The iPhone quickly became my camera of choice as soon as I got an iPhone, and as its abilities have advanced, I've been happy with its performance. Of course it has limitations--low light photos are always difficult--but the tradeoffs have been worth it for the ability to take decent photos with a small, lightweight, connected device that I'm almost always carrying anyhow.
DxO wants to provide the best of both worlds: The convenience of shooting photos with your iPhone, with the image quality and RAW formats of a DSLR. The just-announced DxO One is a compact camera that attaches to your iPhone's (or iPad's) Lightning connector, so you've got an external lens, a real shutter button, and even space for a microSD card, but you compose shots and tweak settings on the iPhone's nice large screen.
The aluminum device is only 2.65 inches tall and weighs just 3.8 ounces, so you can easily drop it in a pocket when you're not using it. The lens is a f/1.8, 32mm equivalent aspherical lens with a variable 6-blade iris and a 1-inch, 20.2MP CMOS BSI sensor, which DxO says will help it capture great images even in low light. Once attached to your iPhone or iPad, the camera can still pivot up to 60 degrees up or down. And since the Lightning plug is reversable, you can also face the camera toward you for selfies.
An iOS app lets you control the camera's settings. You can adjust aperature from f/1.8 to f/11, shutter speed from 15s to 1/8000s, and ISO from 100 to 51200. Modes include Auto, Speed, Aperture Priority, full Manual, and several scene-specific options, and the camera interface adapts to each mode. Want to record video? No problem: Choose from 1080p at 30fps or 720p at 120fps.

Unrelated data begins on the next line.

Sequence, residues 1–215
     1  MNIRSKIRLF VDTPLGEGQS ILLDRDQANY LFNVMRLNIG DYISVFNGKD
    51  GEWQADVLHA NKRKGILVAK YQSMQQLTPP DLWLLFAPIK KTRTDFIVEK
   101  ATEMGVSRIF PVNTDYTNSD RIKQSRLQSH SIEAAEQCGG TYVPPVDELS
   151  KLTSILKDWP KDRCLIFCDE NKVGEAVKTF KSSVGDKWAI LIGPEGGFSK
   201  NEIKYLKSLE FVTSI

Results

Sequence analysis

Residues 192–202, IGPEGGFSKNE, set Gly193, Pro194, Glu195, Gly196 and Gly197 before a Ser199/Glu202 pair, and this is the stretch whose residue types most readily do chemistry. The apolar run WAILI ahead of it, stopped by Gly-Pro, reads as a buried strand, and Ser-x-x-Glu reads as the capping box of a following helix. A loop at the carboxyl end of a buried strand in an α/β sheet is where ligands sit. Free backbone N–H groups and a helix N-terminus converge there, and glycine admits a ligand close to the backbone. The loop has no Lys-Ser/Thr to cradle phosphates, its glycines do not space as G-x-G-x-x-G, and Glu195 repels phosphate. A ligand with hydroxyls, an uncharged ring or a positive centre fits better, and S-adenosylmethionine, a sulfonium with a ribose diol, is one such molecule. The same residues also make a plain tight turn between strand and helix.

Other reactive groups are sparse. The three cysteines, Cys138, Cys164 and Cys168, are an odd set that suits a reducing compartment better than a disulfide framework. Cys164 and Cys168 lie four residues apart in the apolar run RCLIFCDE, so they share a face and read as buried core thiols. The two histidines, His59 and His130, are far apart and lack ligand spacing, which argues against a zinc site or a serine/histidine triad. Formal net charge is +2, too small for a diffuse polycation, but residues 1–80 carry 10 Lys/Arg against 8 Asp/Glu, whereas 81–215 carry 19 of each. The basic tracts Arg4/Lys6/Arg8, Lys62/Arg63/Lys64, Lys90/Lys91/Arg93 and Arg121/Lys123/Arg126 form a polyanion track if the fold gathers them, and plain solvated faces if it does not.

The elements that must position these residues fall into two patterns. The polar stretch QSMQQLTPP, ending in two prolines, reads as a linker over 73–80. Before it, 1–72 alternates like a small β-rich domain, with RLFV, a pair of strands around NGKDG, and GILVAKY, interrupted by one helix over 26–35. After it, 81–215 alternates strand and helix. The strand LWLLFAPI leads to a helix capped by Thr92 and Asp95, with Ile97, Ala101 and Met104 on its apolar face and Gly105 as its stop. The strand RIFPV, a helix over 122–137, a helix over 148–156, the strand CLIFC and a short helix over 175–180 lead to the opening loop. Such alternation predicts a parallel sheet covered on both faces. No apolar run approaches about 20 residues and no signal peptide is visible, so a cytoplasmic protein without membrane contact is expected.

The DxO One shoots in RAW format by default, producing DNG files you can use in Lightroom, Photos for OS X, and other editors. But this camera also sports DxO's brand-new SuperRAW format, producing propreitary DXO files currently supported by DXO Connect, DxO FilmPack, and DxO OpticsPro software for Mac and PC. (DxO Connect is included, and for a limited time the camera comes with licenses for DxO FilmPack and DxO OpticsPro as well.) DxO told me it was "engaging with Adobe, Apple, and Microsoft" to negotiate native support for the format.
SuperRAW sounds a little bit like HDR for RAW files: The camera captures four RAW images in quick succession, then combines them later in the DxO Connect app on your computer. The software uses spatial and temporal noise reduction, and the idea is to give you noise-free images even if you took them in very low light.
RAW images? High-def video? Are those file sizes pretty huge? DxO told me that the default RAW mode's DNG files are about 30MB--40MB, and the proprietary SuperRAW DXO files are between 120MB and 160MB. Those are a lot larger than the JPGs I shoot with my 8-megapixel iPhone 6 camera today: Big panoramas can inch above 12MB, but typical photos are 3MB or less. The good news is, you don't have to store the DxO One's images on your iPhone or iPad itself. You can opt to save to the device's Camera Roll, but to save internal storage, you could also choose to save to a microSD card you insert into the DxO One. Cards up to 128GB are supported, and a massive card like that can store more than 2600 full-resolution 20MP RAW images or more than 16 hours of 1080p video, according to DxO.
The DxO One ships in September for $599, and U.S. customers can preorder now. The biggest risk might be the Lightning connector: If Apple decides to change to USB-C in future iPhone and iPad models, you wouldn't be able to upgrade to the new version without making your expensive camera add-on obsolete. Apple typically announces new iPhones in September, the same month the DxO One is scheduled to ship, so if you're concerned about USB-C, you could wait and see. We'll have a full review once we can get a device to test.